The novel we’ve been reading in my English class is called The Grapes of Wrath, by John Steinbeck. The story is about a family, the Joad family, and their trek to California to find jobs after losing their family farm. The family consists of many colorful characters, such as Tom Joad, his brother Al, and their sister, Rose of Sharon.
However, despite the differences in their personalities, each member of the family more or less has hopes of living a better life. Ma Joad even speaks to Tom about “little white houses in among the orange trees”. They expect to be able to find work once they make it to California, to be able to make a living for themselves and start over with their lives. They dream of jobs picking oranges and peaches under the California sun, with nice shade under the trees.
As I was reading this part of the novel, it reminded me of my own hopes and aspirations, as well as those of my peers. At the moment, as high school students, we each have a vision of ourselves in the future. Going out into the world and working as “real adults”. Having the time of our lives in college. Serving our country in the military. Basically, breaking out of whatever restraints that are holding us back in high school and becoming independent.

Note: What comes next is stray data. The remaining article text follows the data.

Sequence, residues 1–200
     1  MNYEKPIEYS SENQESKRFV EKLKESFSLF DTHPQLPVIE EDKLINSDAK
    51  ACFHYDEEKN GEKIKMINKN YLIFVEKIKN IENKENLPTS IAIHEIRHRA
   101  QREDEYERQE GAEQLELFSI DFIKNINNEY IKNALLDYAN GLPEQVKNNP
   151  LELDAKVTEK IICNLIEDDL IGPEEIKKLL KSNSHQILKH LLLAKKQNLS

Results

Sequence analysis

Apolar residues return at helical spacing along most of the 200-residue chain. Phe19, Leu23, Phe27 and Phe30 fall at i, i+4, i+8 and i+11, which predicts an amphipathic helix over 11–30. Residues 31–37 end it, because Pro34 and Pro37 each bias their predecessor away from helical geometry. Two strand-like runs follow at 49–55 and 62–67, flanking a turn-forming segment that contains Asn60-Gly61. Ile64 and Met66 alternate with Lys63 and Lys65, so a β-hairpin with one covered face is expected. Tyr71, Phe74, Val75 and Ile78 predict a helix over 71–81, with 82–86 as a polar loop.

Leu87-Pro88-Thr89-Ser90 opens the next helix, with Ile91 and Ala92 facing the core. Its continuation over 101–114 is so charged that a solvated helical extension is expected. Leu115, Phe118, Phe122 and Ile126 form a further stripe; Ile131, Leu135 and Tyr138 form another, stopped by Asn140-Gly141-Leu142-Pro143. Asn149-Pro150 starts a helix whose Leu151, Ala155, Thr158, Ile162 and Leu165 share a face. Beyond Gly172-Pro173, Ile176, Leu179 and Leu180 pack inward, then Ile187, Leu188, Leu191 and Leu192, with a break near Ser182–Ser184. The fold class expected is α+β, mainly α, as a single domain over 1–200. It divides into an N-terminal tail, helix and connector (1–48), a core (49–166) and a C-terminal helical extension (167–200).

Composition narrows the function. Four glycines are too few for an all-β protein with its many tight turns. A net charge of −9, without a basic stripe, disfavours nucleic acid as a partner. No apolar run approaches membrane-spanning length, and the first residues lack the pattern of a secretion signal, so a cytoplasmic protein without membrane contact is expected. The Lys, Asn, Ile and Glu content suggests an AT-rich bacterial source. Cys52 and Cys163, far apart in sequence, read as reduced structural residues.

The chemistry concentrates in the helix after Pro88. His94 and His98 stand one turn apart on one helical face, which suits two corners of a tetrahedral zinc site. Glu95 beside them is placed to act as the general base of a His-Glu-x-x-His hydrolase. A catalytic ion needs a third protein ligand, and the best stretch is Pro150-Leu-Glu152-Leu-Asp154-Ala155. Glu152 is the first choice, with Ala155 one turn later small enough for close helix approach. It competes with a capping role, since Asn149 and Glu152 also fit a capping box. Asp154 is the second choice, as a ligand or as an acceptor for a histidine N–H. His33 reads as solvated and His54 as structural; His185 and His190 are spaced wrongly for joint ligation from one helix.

However, although I have not read that far into the book, I fear that both the Joad’s dreams and those of myself and my peers are just that – simply dreams. The Joads’ picture-perfect expectations of an easier life picking oranges in sun-kissed California seems simply too good to be true. The way Steinbeck depicts such a vision foreshadows that a shocking reality check is yet to come.
I only hope this does not happen in real life, for my own sake as well as for those around me. Many of my friends have a certain expectation of what will happen after they graduate. I think many of them feel as though as soon as they step outside the gates of my high school, they’re going to become the person they’ve always wanted to be, and live the life of freedom, fun and excitement that awaits outside of the high school classrooms. Chances are, though, life will not be able to live up to its expectations once we all graduate.
However, although these dreams all seem very unrealistic and unlikely to occur in my opinion, I see their importance. Without such fantasies, how can the Joads continue pushing through each day that they are living in hardship and struggles. Without such visions of the future, there is nothing to motivate high school students to continue studying, and working hard at school. Sometimes, the reality of a dream or fantasy just isn’t as important as the hope that it can bring, simply with its slightest potential to become real.